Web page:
In and around Esterillos Este
We were up for breakfast with the others, and then waited with them for their airport shuttle - which despite the fact the hotel manager had called and confirmed the day before... never showed up. Mikey, the manager, ended up taking Christine himself since she had the first flight, and Liz called a shuttle guy she trusted who came for the rest. Yikes! We made arrangements with that driver to return on Wednesday to get us to the airport.
So the others were all gone, and Dave and I looked at each other and said what do we want to do now? NOTHING!
|Pool at La Encantada Cottages|
So we did - I started and finished a book, spent time in a couple hammocks and in the pool.
We even got out of our lounge chairs to walk next door to beach bbq that was going on to satisfy my hamburger craving that I'd been having for like over a month (given my pre-vacation diet). Oh, wow, was that ever a great burger! All the better for being served under palm trees.
That evening we went and got all creative with the sunset photographs.
We booked two tours, one each for Monday and Tuesday. Since we had no transportation (the horses were gone! LOL) it proved to be difficult to get around. Dianna and Mikey, the managers, tried to help out. Though I was rather inclined to agree when Dianna gave up trying to make one reservation for us when she lamented -- "I really need to learn to speak Spanish". ummmm, yeah. They've been in Costa Rica for a few years, and really many people speak English. But they came on board as managers of this property a few months ago, and this level of interaction requires a bit more fluency. In any case, we got reservations this day to go on a Mangrove tour, where the attraction is to see the White Faced Monkeys.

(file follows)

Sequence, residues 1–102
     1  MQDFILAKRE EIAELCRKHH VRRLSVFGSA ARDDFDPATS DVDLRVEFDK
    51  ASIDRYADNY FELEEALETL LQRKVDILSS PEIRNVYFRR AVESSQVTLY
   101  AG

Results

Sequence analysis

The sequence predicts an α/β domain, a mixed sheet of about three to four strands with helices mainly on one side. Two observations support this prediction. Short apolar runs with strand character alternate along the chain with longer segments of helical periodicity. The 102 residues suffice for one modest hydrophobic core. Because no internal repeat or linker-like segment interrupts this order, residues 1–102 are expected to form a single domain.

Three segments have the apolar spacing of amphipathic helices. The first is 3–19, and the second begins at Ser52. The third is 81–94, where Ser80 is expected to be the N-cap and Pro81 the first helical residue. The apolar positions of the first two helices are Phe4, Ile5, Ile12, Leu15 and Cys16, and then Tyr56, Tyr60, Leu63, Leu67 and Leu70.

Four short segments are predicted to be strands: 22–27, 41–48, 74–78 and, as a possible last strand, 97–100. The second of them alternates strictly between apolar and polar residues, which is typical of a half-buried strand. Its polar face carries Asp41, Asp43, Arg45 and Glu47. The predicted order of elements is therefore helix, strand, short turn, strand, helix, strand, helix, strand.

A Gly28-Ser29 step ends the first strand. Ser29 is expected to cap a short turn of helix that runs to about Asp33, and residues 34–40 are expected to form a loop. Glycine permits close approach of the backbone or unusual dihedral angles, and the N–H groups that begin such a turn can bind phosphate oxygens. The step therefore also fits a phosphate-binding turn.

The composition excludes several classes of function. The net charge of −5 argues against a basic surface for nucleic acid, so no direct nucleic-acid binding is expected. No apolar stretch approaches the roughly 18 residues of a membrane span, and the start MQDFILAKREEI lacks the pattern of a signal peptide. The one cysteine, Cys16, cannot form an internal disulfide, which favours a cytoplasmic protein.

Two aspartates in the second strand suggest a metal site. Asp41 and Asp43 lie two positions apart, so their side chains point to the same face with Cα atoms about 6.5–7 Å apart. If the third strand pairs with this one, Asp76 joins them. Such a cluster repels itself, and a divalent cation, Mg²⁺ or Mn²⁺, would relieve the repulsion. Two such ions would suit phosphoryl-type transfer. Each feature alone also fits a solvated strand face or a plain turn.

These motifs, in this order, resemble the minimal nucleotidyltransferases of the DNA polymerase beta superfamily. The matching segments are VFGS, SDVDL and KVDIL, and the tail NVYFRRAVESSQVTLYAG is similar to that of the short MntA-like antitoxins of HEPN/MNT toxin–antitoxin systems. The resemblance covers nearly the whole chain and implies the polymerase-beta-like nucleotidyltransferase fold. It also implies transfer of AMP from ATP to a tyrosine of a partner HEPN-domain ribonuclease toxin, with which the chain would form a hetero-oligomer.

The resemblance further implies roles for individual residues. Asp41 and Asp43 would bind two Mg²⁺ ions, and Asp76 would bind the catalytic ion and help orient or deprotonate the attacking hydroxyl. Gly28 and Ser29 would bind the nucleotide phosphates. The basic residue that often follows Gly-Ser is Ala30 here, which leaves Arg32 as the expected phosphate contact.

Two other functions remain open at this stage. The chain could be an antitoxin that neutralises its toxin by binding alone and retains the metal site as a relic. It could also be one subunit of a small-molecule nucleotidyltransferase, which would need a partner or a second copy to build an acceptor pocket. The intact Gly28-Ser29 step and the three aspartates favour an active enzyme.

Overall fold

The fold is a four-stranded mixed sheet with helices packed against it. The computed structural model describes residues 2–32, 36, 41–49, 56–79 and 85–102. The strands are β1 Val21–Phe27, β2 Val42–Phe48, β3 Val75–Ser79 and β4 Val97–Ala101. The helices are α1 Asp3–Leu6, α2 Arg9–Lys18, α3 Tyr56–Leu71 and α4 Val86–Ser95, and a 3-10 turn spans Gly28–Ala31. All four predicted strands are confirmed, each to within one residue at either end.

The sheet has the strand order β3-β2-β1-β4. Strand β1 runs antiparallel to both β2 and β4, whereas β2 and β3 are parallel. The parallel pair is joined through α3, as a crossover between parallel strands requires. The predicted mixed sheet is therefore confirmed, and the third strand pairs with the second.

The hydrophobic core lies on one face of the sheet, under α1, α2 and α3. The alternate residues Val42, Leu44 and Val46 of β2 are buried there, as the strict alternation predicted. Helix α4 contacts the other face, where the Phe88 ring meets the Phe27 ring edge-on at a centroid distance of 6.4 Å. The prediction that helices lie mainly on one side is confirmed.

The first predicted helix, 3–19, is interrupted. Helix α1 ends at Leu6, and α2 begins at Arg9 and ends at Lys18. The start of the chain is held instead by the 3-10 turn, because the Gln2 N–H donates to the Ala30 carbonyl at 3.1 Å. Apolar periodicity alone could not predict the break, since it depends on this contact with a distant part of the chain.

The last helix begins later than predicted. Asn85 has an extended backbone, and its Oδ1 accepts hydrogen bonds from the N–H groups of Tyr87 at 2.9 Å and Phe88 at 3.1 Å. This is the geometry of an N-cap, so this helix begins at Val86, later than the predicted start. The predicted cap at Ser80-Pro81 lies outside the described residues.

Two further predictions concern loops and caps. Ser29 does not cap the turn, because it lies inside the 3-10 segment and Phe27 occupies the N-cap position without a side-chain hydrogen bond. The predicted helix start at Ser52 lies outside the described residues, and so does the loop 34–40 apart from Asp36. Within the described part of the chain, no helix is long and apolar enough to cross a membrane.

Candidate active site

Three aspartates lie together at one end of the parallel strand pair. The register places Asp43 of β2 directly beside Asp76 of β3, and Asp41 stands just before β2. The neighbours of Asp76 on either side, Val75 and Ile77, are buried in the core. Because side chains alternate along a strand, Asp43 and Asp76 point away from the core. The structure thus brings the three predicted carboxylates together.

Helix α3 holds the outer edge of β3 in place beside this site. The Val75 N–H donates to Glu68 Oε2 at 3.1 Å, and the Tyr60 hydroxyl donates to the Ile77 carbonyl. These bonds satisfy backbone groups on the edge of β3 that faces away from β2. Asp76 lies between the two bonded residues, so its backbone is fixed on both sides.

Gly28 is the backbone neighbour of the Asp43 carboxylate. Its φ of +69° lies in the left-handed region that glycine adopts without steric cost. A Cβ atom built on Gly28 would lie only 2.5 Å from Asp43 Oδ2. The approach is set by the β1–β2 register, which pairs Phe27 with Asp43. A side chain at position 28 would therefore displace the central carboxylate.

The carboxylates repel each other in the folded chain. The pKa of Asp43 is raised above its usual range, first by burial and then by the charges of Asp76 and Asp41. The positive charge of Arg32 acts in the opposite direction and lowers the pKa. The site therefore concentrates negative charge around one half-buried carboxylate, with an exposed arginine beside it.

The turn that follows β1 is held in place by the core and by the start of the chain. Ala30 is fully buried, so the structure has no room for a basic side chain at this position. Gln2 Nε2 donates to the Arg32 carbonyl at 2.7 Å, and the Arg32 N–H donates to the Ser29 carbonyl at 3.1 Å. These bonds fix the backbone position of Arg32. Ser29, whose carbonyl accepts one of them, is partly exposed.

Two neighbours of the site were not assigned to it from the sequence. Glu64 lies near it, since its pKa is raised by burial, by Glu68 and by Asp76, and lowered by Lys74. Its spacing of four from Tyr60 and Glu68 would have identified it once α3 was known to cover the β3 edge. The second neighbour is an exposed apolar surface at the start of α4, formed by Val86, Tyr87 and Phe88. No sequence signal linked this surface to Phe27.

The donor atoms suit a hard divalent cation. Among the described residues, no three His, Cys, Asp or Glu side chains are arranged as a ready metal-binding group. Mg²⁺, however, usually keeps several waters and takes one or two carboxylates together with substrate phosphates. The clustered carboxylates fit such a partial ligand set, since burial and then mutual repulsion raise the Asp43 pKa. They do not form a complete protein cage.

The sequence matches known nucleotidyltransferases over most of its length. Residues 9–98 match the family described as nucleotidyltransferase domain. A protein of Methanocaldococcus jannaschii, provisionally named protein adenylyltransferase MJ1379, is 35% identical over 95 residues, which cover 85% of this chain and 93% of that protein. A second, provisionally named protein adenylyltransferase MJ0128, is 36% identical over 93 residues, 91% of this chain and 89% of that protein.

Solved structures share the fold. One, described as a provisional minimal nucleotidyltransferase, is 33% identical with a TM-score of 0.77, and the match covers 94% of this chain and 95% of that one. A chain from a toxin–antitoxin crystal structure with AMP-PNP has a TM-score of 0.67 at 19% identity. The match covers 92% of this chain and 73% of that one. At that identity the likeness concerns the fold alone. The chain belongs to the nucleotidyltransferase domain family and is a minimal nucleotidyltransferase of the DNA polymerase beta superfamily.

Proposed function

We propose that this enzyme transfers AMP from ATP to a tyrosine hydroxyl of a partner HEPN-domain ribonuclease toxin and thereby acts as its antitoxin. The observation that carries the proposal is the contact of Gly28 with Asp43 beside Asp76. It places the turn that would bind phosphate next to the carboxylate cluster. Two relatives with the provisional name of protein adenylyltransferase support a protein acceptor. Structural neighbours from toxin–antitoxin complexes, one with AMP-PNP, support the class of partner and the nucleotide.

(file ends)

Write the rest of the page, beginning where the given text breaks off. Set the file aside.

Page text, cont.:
Mikey the manager (surfer dude on the right), took us into town to the Taxi stand to help us find a driver.
Meanwhile he introduced us to this food stand where this guy makes the most amazing skewers we've ever had!
The taxi driver kindly waited while we sampled one. (note, these end up looking like icecream cones due to the small tortilla stuck onto the top of the skewer, but they were anything but.)
As soon as the boat turned up into the mangroves I got an overwhelming feeling of being transported back to Disney Land's jungle tour! You have to hand it to Disney for their attention to detail.
Ah - There's one!
We searched around a while before finding a band that would approach the boat, but then we pulled up to one edge and 3 of them made a bee line for us. Pretty soon we had 5 or 6 climbing over us and the other boat with us.
We spent probably 30 minutes? watching the monkeys climb around and eat mashed bananas off of people's hands.
Certainly a new experience!
On the way back our guide Rafa had grabbed some fronds and started making something. Ended up being really cute grasshoppers! He made several for the passengers.
And he also managed to spy this Tree Boa that we got to sneak up on.
Our Taxi driver returned and took us back home. That night for dinner we went the other direction down the beach a few hotels and dined in this swanky place.
Where the specialty is... fried Red Snapper. Well - ok I was up for trying it again since it was supposed to be such a big deal here.
OH MY. This guy was swimming right through my plate! Huum - note worthy, but I have to say not the most convenient for eating.
Our last big activity was "Villa Vanilla" day - a tour through a spice plantation. Wow was that ever an education for folks who pretty much know nothing about where our food comes from!